Eric Amgar from Golden Palace, and I, have been pretty passionate about this. I wish he was on the program.

As far as the boxers, everybody loves it. When I started to speak to some jockeys, their finding ways to put it on their boots, to stamp the horse. You never know where it's going to go.

Ley - Tennis, you think, is an opportunity?

Lear - Tennis, I think, is a very large opportunity. I can't give any names, but I can tell you that they've got a lot of room on their arms.

Ley - Oh sure you can. Come on, come on. Give us some names.

Lear - I've forgotten them.

Ley - All right.

Bill, you've worked the pro circuit. You know a little bit about the tennis world. Will it fly there?

Strickland - I don't know if the culture of tennis right now is ready for it. But again, going forward, we could see that change. But certainly, anywhere where you have a lot of exposed skin, such as in boxing, swimming, beach volleyball, I think those are viable alternatives and sports where you may see it pop up.

Interestingly, in basketball, though, I think, again, the functional utility is somewhat limited because you have fast moving players, limited body space, players being substituted in and out, plus advertisers who are trying to do ambush advertising have viable alternatives to engage the services of an athlete for their endorsement.

So I don't know if it will become an issue in the NBA.

Ley - Well, hold on, though, Bill. If somebody takes it in for a dunk, though, and has a nice commercial tattoo on their left upper arm, what's to stop them from walking right over to the camera and pointing right at it and saying hi, mom, here it is?

Strickland - Well, the league would stop it. I mean, that's one of the ways, rather than prohibiting it, that's one of the ways that the league would be able to control it.

In part, because they negotiate the television contracts. They certainly influence how the games are broadcast, and what's preventing them from going to a director and saying don't show those commercial tattoos.

Ley - Joe, would one of your boxers string along an opponent, somebody he's clearly in charge of in the ring, just to get a few more minutes of HBO exposure?

Lear - No. Never. My guys get paid not for winning or losing, for wearing it. And at the end, when they thank their sponsors and act professionally, that's when they get their money. It has nothing to do with the amount of time. That's a risk that they have to take.

But as we're talking about the future, 99 percent of the boxers out there may have one shot to be on TV. They're getting five figure deals now. They're getting out into the public. That might get them a job. So the future of tattoos is only good for the boxers. I don't know about boxing, but you may have millions of dollars going to guys who couldn't get a nickel before. Don't stop it from happening.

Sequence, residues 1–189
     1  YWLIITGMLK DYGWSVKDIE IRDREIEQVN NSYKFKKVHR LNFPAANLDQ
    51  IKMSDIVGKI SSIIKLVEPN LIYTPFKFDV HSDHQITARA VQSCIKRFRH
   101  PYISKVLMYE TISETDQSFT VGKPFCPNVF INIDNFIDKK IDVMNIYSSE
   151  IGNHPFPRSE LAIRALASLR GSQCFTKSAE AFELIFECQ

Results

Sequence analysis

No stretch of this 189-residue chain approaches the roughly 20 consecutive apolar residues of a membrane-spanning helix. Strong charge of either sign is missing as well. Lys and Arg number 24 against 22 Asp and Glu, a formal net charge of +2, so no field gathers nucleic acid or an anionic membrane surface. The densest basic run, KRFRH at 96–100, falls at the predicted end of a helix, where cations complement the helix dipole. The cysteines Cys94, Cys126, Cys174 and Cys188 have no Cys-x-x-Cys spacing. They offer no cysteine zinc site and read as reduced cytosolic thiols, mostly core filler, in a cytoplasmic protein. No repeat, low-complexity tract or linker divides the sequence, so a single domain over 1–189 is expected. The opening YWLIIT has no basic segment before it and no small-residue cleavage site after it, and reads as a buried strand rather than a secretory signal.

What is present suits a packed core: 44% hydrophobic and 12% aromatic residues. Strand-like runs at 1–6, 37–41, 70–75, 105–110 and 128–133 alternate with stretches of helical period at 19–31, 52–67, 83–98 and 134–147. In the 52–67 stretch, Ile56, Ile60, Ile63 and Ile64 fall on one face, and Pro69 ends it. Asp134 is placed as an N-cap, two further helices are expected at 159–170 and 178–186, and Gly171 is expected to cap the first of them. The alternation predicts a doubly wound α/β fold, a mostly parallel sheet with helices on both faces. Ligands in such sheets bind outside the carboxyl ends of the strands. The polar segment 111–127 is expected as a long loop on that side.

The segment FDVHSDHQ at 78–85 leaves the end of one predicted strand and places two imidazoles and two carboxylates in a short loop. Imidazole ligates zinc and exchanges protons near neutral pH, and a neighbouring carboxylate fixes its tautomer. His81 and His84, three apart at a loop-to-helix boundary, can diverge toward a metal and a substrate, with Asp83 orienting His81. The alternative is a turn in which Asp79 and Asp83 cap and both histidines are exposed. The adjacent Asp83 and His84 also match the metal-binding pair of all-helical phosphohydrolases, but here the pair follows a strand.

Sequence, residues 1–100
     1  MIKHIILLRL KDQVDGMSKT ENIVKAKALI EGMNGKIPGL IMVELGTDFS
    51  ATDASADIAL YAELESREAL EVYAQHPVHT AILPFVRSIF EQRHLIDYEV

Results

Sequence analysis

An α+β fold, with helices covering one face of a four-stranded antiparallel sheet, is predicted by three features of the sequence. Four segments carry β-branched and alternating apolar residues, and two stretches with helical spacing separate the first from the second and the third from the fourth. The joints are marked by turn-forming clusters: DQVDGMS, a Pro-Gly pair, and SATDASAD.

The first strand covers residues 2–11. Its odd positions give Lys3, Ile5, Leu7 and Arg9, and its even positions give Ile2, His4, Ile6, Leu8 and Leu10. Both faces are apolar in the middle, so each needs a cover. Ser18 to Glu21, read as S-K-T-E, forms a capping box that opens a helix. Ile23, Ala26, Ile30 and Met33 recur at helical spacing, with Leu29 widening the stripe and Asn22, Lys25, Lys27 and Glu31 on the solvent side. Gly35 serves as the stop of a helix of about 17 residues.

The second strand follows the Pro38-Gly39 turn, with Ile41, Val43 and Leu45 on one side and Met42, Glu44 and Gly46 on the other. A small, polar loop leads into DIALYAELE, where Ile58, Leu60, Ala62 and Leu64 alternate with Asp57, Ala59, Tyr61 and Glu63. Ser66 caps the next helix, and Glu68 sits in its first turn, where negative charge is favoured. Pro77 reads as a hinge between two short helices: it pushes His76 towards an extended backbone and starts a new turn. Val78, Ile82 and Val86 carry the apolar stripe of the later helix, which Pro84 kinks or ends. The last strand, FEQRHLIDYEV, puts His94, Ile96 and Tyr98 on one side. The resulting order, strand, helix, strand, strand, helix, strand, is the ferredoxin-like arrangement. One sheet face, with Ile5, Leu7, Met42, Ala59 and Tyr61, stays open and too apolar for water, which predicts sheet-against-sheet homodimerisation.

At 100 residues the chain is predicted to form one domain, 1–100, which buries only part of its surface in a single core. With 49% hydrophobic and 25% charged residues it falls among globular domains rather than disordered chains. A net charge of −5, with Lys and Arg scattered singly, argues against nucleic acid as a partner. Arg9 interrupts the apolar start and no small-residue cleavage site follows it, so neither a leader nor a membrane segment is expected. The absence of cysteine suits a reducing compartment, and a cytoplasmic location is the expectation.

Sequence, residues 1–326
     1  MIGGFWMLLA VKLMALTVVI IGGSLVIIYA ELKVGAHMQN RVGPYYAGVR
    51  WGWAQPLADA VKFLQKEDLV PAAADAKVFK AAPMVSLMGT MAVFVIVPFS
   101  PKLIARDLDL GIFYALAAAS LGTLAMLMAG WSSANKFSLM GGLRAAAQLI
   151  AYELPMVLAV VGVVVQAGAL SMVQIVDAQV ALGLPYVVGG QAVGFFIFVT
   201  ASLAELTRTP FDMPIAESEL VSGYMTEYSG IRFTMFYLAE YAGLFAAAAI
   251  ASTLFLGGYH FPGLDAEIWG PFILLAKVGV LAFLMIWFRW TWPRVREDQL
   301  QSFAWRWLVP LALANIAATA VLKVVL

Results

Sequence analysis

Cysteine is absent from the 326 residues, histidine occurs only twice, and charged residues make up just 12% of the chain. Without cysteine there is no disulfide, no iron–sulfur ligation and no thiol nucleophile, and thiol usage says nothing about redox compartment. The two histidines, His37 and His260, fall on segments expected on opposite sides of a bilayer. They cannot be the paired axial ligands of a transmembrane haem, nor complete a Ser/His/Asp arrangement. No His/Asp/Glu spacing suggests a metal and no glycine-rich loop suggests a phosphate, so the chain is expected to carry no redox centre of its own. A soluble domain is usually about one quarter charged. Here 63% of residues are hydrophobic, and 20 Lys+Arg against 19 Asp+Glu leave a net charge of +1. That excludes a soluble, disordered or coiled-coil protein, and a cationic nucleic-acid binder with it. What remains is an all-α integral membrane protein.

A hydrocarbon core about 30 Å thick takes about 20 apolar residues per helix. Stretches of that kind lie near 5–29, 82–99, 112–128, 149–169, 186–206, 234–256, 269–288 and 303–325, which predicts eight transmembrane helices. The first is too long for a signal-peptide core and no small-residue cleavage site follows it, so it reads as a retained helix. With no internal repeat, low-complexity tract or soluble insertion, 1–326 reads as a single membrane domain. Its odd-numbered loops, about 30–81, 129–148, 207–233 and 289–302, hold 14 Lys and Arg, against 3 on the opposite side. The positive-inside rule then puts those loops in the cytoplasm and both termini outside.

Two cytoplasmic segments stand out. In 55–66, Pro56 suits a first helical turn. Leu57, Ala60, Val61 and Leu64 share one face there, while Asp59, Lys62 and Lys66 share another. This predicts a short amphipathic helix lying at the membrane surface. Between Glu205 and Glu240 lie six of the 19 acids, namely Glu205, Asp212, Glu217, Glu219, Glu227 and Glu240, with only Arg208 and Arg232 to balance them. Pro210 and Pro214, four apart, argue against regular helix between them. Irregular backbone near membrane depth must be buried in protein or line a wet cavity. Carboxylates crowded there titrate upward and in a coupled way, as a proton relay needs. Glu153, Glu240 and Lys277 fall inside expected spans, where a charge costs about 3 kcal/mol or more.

Strickland - And, Bob, that's another reason why in the NBA I am anticipating that it won't become much of an issue, because the kind of base compensation paid to the players there, even though the one advertising in "SI" was attributed to be about 1/4 of a million dollars, players are receiving that kind of money and more for merely wearing shoes.

So, again, the economics of it has to figure in. And the advertiser is going to have to judge whether or not spending the money for that chance, limited exposure, is worth it.

Ley - Let's go around the horn and get your final thoughts.

Luther, a year from now, will this still be an issue? Do you think you will prevail in appellate court, or are we still going to be dealing with this and a spreading issue in a year?

Mack - I think we're going to prevail, next week, March 5th. I think eventually you're going to have a national boxing commission to solve all these issues and make it consistent throughout the United States.

I just think that we have to look at the fact of trying to make sports really professional and do the best job, so our young kids can see what it's all about.

So I foresee that we're going to win this, and I foresee that boxers are going to make money other ways.

Ley - Bill, in a sentence, where will we be a year from now on this issue?

Strickland - Where we are now, a little bit more down the road. I think that Joe and his people will prevail. Again, ultimately, at its core, I view it as a free speech issue.

Ley - OK, Bill.

How happy will you be, Joe, in a year from now? How much happier, I should say?

Lear - I'll be ecstatic, and I work for Bernard Hopkins, who has been fighting these guys for ten years, and they've been telling him no change, no change.

Ley - These guys being the boxing establishment?

Lear - Exactly. And I can't work for someone like that and not fight these guys.

Ley - Guys, thank you all very much.

Thanks to Joe Lear, Luther Mack, and to Bill Strickland.

Next, a graduation (Unintelligible), Nolan Richardson and an Outside The Lines special.

Nolan Richardson, Arkansas head coach - I think the responsibility doesn't necessarily lie all on the coach. Are you telling me that you can send me your kid who don't want to go to school, but you brought him up here, that it's my responsibility to make him like it when you didn't?

Ley - "Zero Percent - College Basketball's Graduation Crisis." If you missed it, set your VCRs Tuesday morning, 3 a.m. Eastern, that's midnight Pacific, Monday night, Outside The Lines.

Check out our streaming video and transcripts of all our Sunday morning Outside The Lines shows. Log on to, the keyword - OTLWEEKLY. And there's our e-mail address,

Announcer - Outside The Lines is presented by State Farm Insurance. Like a good neighbor, State Farm is there.

Announcer - Outside The Lines is a presentation of ESPN, the worldwide leader in sports. For more, log on to

Ley - And if you missed any portion of our program this morning, we'll be re-airing at 10:30 a.m. Pacific time over on ESPN2.

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 Outside The Lines
ESPN's Bob Ley examines the future of "Body Billboards."